One of my goals for 2017 is to read 50 books. A pretty standard number, I think, amounting to roughly one a week with a bit of wiggle room in case I get ambitious, but still way more than I managed last year.
I'm off to a pretty good start. Five down in month one. I even resisted the temptation to begin on New Year's Eve, as I didn't feel I could count anything that wasn't fully read in this exact calendar year. I'm a stickler for rules (as long as they aren't the kind of rules that dictate what I can and cannot eat, that kind I don't even bother with).
So, here are a few thoughts on the books I read in January.
Why Not Me by Mindy Kaling. I already want to read this one again. Her first book as well. And I want to break with my cheapskate ways and actually buy them.* Mindy Kaling deserves every bit of love she gets.
Upstream by Mary Oliver. This one I did buy, as it wasn't available at my library. Good thing too, as it wasn't a quick read for me. It's the kind of collection you have to really dig into and one that made me wish I lived somewhere much more beautiful than where I actually do.
The View from the Cheap Seats by Neil Gaiman. An encyclopedia of perspective, on writing and writers, comics and science fiction, and touching tributes to the important people in the author's life. I admit to skipping a few bits that didn't call out to me quite so loudly but I read enough to confidently include this in my count for the month.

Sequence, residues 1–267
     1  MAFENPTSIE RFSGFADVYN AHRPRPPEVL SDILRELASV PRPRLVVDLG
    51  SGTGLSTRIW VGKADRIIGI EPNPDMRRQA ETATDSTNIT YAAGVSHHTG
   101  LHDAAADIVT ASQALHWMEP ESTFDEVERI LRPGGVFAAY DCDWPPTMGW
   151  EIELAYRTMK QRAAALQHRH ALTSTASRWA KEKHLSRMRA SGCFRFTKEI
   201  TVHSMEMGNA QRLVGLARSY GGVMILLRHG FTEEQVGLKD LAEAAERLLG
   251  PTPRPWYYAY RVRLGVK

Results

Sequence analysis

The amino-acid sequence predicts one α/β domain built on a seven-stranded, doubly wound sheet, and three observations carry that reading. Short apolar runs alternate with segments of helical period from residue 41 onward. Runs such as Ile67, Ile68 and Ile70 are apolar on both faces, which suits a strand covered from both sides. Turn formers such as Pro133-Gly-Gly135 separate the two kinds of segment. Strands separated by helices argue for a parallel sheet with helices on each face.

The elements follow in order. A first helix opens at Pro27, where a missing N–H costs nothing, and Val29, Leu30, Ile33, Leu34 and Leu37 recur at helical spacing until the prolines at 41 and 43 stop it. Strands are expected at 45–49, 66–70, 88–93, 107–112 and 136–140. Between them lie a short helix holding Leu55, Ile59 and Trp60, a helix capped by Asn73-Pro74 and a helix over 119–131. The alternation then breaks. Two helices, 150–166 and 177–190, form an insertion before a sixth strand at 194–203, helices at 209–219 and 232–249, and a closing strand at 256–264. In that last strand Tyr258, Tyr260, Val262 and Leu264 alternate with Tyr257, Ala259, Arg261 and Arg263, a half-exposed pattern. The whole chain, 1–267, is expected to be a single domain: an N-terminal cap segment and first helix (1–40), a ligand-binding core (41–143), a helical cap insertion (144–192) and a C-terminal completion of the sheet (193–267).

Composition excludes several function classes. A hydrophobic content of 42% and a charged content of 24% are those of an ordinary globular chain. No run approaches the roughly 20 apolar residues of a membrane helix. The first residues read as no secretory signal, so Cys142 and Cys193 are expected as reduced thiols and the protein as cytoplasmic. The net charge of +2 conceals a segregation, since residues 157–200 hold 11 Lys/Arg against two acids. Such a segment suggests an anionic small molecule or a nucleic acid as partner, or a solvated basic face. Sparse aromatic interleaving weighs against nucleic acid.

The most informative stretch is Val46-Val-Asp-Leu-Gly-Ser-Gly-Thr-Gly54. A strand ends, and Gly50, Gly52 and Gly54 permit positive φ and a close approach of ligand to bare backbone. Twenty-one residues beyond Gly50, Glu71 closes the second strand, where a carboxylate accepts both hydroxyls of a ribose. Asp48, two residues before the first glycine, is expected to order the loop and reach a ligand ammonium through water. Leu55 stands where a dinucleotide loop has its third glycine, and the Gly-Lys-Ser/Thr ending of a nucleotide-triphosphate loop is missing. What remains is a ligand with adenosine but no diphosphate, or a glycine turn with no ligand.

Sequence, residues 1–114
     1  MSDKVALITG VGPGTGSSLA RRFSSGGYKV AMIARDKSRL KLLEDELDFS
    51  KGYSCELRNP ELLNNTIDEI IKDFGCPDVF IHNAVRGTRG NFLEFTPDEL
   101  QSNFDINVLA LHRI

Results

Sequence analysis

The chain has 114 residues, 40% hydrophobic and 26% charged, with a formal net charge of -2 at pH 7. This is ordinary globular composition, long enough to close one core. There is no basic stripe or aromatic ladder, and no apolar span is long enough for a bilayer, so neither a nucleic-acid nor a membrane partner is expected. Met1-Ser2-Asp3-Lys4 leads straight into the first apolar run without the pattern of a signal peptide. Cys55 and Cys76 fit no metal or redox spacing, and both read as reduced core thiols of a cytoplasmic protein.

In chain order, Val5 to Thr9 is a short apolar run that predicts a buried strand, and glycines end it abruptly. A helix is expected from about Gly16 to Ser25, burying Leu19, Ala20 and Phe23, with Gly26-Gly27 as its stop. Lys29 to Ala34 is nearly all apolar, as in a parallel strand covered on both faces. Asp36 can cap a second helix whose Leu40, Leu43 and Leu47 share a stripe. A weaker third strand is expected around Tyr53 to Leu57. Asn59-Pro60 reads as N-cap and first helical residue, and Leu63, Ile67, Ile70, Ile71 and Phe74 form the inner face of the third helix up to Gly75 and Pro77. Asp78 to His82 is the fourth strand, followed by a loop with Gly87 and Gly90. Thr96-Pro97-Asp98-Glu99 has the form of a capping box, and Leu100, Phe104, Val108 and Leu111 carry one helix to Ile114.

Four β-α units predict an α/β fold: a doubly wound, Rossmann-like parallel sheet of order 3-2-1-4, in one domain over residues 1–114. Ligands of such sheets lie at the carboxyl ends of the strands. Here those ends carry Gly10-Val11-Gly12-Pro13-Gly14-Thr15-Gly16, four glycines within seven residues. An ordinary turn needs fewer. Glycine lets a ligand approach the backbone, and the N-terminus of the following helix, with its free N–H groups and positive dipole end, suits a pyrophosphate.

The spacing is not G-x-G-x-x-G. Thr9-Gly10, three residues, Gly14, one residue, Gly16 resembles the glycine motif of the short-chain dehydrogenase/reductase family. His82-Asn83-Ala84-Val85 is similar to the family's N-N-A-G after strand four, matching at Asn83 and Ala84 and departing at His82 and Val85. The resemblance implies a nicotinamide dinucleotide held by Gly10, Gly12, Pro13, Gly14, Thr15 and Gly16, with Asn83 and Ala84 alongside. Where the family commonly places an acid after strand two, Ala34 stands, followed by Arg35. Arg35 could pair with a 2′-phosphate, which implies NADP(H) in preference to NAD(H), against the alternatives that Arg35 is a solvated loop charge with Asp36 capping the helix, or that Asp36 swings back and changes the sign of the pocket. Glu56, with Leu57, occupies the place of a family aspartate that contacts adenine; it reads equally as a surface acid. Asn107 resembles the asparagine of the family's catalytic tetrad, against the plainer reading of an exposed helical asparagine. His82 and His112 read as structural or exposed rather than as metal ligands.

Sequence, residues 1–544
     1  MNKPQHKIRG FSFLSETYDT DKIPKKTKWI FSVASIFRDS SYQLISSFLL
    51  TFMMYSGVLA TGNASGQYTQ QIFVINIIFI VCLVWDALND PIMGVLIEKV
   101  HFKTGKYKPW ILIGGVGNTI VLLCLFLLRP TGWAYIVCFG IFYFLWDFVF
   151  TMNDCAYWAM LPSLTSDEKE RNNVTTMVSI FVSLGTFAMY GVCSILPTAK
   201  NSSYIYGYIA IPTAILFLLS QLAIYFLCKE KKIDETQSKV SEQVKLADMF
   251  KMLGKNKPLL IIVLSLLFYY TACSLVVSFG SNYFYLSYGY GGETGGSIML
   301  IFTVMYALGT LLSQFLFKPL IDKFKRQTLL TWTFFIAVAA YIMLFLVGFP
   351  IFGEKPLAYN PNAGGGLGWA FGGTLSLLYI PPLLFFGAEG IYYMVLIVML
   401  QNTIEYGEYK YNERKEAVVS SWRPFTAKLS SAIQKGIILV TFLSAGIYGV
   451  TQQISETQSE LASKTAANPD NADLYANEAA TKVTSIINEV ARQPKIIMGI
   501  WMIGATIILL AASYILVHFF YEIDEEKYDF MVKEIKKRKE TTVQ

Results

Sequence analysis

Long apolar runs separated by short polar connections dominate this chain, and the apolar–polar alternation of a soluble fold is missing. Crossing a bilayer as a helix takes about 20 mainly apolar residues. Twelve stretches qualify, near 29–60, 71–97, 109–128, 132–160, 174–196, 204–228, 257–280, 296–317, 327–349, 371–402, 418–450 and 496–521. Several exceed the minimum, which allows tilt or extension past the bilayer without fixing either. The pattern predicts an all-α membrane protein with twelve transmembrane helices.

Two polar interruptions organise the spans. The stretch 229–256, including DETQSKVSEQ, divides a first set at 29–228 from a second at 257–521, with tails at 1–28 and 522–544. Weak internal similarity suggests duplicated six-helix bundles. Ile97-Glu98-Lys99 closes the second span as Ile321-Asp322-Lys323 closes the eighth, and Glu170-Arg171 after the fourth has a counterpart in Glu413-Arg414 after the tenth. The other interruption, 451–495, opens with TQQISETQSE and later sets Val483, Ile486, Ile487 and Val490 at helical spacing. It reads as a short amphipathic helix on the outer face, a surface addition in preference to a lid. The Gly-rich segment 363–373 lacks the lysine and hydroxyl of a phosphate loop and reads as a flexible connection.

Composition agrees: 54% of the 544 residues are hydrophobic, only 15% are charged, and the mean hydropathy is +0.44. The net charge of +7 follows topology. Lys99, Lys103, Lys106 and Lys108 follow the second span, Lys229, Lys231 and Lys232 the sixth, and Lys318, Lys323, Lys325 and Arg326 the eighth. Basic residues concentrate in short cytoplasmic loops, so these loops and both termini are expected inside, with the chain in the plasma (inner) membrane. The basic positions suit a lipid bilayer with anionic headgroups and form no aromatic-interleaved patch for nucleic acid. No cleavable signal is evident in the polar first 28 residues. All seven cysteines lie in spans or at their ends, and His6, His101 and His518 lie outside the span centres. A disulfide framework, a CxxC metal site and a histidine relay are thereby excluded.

Me Talk Pretty One Day by David Sedaris. I have mixed feelings about David Sedaris and, indeed, about the origins of some of the essays in this book. They are undeniably funny but less undeniably true. He's a controversial dude, no doubt about it, which makes some of the stories difficult to trust, but I appreciate the humor enough to read through my reservations.
Fahrenheit 451 by Ray Bradbury. Kind of a cheat, as I have read this one before. Years ago. It was an assigned book for school and I remember being surprised by how much I liked it (I made a point of firmly resisting all assignments that felt like the school establishment encroaching onto my private time, and paid dearly for my principles). My daughter, age 10, is a very advanced reader. She has been through the entire Harry Potter series, all of Tolkein, The Hunger Games, Rick Riordan. You name it, she's read it. But, despite her ability to comprehend the words, she is still very much a 10 year old. She is innocent and sensitive and, as her mother, it feels like part of my job to tread lightly around her tender heart. The Hunger Games in particular was a rough ride for her but she responded to the social message of it, the wrongness of the world of Panem, just as she has responded to the wrongness of the real world and the things we are facing as a society right now. So I have no doubt she will embrace Bradbury's message...eventually. But after re-reading with her in mind, trying to see and hear and feel the story the way I know she would see and hear and feel it, I'm putting this one back on the shelf for at least another year.
*To be clear, I borrowed both of Ms. Kaling's books. I am a frequent patron of my local library, not a book-stealer.